This discussion aims to examine the legacy of Soviet dissent cultures and practices of resistance in terms of their influence on the contemporary anti-authoritarian and anti-war protest movements in Belarus.
The main questions are:
To what extent are the experience and practices of resistance to the Socialist system relevant today?
How can the knowledge of this past enrich both the scholarly understanding and practices of cultural resistance?
To what extent is the experience of the Soviet and Post-Soviet comparable?
Which new forms of protest have arisen?
Does this difference go beyond the speed and breadth of coverage that became possible with the introduction of new media?
Whether, and if yes, then in which way should the Russian War in Ukraine and its consequences motivate the revision of the legacy of Soviet dissent?
While many articles and discussions were devoted to the White-Red-White revolution of 2020 in Belarus, a few attempted to situate the recent protests in the historical context. How was resistance possible in a country notorious in the past as the “exemplary socialist republic” and the „last European dictatorship”? Was the Belarusian revolution only a belated echo of 1989? Or is it a contemporary phenomenon that draws inspiration from other protest cultures in Europe and beyond?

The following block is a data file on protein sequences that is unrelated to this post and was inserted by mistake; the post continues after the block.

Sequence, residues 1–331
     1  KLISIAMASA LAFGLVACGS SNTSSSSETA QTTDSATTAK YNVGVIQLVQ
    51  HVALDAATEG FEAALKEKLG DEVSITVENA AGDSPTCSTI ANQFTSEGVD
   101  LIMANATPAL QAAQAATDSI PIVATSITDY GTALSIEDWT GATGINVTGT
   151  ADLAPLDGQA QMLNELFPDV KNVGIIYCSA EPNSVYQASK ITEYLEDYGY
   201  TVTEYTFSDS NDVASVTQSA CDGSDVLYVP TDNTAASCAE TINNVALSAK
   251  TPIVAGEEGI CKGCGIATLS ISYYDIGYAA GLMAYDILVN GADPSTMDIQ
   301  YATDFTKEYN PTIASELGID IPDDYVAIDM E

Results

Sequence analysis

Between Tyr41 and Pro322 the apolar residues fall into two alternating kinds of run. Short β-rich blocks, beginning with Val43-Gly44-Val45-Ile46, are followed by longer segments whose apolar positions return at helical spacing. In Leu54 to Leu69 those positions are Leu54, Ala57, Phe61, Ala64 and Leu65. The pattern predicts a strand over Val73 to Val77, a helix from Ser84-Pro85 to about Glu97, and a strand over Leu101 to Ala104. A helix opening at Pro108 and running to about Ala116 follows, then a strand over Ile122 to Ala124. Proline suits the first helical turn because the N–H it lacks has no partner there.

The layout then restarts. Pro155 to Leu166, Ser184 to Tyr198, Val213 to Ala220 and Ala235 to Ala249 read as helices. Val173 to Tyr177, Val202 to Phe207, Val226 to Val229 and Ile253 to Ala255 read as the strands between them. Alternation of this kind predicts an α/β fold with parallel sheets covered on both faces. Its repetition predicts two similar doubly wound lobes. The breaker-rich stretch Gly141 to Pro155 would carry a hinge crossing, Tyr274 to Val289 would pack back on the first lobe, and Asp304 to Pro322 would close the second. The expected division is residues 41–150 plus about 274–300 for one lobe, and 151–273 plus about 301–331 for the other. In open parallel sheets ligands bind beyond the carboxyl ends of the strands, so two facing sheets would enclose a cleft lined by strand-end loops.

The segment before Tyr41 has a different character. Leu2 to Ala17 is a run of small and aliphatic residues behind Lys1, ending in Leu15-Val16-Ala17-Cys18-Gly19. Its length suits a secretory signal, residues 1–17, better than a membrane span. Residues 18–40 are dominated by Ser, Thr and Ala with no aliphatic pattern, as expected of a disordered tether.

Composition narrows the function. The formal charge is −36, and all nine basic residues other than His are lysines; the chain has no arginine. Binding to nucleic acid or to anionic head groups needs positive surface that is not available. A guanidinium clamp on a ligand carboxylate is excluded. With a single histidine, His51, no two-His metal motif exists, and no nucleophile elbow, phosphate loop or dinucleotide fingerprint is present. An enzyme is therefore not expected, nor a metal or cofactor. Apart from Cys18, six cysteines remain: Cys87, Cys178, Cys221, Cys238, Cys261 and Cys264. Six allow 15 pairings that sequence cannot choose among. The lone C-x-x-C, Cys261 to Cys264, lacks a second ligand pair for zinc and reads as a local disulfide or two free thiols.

Alesja Belanovich-Petz, Forum for Historical Belarus Research at the German Association for East European Studies
Juliane Fürst, Leibniz Centre for Contemporary History, Potsdam
Tatsiana Astrouskaya, Herder Institute for Historical Research on East Central Europe, Marburg, Author of “Cultural Dissent in Soviet Belarus (1968–1988). Intelligentsia Samizdat and nonconformist Discourses” (Harrassowitz, 2019)
Tania Arcimovich, Justus-Liebig-University Giessen
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